Jan 2, 2013 Comments Off Pat Dollard
NEW YORK (CBSNewYork) – It was a smack down of unprecedented proportions.
House Speaker John Boehner (R-OH) met with criticism from both sides of the political spectrum Wednesday for his sudden decision to pull the plug on the vote for desperately-needed aid for Superstorm Sandy victims.
“I was called at 11:20 last night by Leader [Eric] Cantor and told that authority for the vote was pulled by the speaker,” Gov. Christie said today. He said his own attempts to get through to Boehner were unsuccessful.
“I called the speaker four times. He did not take my calls,” he said. “All I can tell you is this was the speaker’s decision — his alone.”
Following the barrage of attacks, Boehner assured Tri-State lawmakers that a vote on the full $60.4 billion aid bill will come in less than two weeks.
“It’s going to be $9 billion on flood insurance this Friday will be voted on. And then on Jan. 15, the first full legislative day, will be the additional $51 billion will be voted on and that’ll come to a total of $60 [billion], which is what the total was of the bill that was supposed to be voted on this week,” Rep. Peter King (R-N.Y.) announced Wednesday afternoon. ”All I care about is my constituents, the constituents of New York and New Jersey who were absolutely devastated. Clearly, the Speaker responded and I take him at his word.”
Both bills will have to be approved by the Senate as well.
Following his earlier harsh words for the top Republican in the House, King also said he planned to vote for Boehner to retain his title of Speaker of the House on Thursday.
Stunningly, some of the harshest criticism for Boehner came from members of his own party, CBS 2?s Marcia Kramer reported.
CHRISTIE: BLAME BOEHNER
New Jersey Gov. Chris Christie didn’t hold back when calling out fellow Republicans in the continued fight to secure more federal aid for the victims of Sandy.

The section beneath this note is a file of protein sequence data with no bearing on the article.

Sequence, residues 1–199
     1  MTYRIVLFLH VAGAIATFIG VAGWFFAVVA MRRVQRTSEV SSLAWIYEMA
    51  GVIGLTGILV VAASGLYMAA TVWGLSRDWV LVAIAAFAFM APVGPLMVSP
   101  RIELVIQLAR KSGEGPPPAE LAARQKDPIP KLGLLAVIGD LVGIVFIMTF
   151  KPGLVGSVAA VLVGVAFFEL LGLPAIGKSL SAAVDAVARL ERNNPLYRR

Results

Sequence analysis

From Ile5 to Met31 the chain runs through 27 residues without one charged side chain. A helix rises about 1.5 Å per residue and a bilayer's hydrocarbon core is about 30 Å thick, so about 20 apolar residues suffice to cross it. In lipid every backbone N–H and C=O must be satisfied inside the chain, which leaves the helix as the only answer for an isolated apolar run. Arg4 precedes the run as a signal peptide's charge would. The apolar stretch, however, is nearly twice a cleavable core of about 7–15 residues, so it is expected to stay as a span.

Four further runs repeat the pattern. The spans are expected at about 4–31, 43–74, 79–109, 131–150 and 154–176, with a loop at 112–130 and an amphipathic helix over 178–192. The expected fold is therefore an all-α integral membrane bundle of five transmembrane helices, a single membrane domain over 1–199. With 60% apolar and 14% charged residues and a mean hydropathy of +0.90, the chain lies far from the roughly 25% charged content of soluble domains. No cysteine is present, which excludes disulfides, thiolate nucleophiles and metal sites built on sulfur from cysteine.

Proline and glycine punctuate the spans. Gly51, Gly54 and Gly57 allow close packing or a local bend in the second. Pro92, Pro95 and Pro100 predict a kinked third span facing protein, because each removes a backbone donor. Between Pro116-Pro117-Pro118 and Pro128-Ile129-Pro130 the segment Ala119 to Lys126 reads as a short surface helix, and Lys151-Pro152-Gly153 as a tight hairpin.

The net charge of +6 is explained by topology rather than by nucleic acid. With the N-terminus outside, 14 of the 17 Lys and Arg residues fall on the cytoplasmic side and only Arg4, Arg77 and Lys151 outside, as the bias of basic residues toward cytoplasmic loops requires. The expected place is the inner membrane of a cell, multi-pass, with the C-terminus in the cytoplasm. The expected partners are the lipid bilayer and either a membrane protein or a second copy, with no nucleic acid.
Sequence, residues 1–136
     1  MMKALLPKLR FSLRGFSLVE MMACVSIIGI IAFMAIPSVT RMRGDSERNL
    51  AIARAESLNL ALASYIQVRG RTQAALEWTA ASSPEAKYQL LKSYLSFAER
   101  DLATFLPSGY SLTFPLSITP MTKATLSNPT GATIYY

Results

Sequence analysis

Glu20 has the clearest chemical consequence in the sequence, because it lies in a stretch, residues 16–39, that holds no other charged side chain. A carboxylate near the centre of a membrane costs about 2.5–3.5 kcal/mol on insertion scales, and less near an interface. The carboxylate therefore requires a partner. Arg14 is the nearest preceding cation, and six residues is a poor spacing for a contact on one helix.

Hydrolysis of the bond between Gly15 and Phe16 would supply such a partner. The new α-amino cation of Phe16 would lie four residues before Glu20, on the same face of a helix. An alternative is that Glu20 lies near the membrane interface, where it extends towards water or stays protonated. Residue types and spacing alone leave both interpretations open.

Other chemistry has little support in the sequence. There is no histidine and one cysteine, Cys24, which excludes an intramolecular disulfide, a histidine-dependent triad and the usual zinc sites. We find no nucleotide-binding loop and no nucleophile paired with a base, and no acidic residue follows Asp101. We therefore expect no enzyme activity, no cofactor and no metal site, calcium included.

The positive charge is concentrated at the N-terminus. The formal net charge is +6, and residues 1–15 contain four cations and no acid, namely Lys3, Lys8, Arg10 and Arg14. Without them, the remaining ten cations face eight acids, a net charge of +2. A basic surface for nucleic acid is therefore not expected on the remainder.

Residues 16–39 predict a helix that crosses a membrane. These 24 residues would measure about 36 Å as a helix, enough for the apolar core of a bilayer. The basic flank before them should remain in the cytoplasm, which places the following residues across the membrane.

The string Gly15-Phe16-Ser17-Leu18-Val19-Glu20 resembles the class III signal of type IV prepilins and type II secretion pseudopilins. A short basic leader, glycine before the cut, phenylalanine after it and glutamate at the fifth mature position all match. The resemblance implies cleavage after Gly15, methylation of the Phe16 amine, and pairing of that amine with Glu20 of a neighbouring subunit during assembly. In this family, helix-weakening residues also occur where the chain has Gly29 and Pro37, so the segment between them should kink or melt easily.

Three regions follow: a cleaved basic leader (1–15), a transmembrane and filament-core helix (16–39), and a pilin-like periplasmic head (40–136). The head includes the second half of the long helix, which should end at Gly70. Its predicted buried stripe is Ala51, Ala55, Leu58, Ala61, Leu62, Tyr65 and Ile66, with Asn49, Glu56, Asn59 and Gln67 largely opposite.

“There’s only one group to blame for the continued suffering of these innocent victims — the House majority and their speaker John Boehner,” Christie said.
Christie, upset by how many days it has taken for lawmakers in Washington to act, called the decision by GOP leadership to end its term without approving the $60.4 billion bill “disappointing and disgusting to watch.”
“We respond to innocent victims of natural disasters not as Republicans or Democrats, but as Americans. Or at least we did until last night. Last night, politics was placed before our oath to serve our citizens,” Christie said.
“New Jerseyans and New Yorkers are tired of being treated like second-class citizens,” Christie Added. “New York deserves better than the selfishness we saw on display last night. New Jersey deserves better than the duplicity we saw on display last night. America deserves better than just another example of a government that has forgotten who they are there to serve and why. Sixty-six days and counting. Shame on you. Shame on Congress.”
On Friday, the Senate overwhelmingly approved a $60.4 billion measure to help with recovery. The House Appropriations Committee drafted a smaller version for $27 billion with plans to add an amendment for additional long-term help.
A vote had been expected before Congress’ term ended Thursday at noon. But since the Republican leadership opted to abandon it, representatives on both sides of the aisle have been lashing out.
The Garden State governor continued his diatribe by saying “Last night the House of Representatives failed that most basic test of public service and they did so with callous indifference to the suffering of the people of my state.”
Christie said he felt “betrayed” by the inaction of lawmakers and how the House leadership played New York and New Jersey like “pawns.” He also conveyed that residents in his state were likely feeling the same way.
“Everything is a possibility, a potential piece of bait for the political game. And it’s just…it is why the American people hate Congress,” Christie said.
MORE CRITICISM OVER AID
Area lawmakers from both parties also took to the floor of the House Wednesday to blast the GOP leadership for its decision to end its term without approving
Several lawmakers from New York, New Jersey and Connecticut said Speaker Boehner’s decision to abandon a vote this session would be a crushing blow to states ravaged by the devastating storm.
“There was a betrayal,” said Rep. Michael Grimm (R-N.Y.). “There was an error in judgement that is going to cost, I think, the trust of the American people.”
“How can we treat an entire region of the country this way,” said Rep. Jerry Nadler (D-N.Y.). ”It is the most disgraceful action I’ve seen in this House in 20 years I’ve been here.”
Long Island Rep. King called it a “cruel knife in the back.”
“I have to go home this weekend and next week and the week after and see the hundreds, the thousands of people who are out of their homes, who don’t have shelter and who don’t have food,” King said on the House floor.
He said some Republicans have a double standard when it comes to providing aid to New York and New Jersey.
“These people have no problem finding New York when it comes to raising money,” King said. “It’s only when it comes to allocating money that they can’t find the ability to do it.”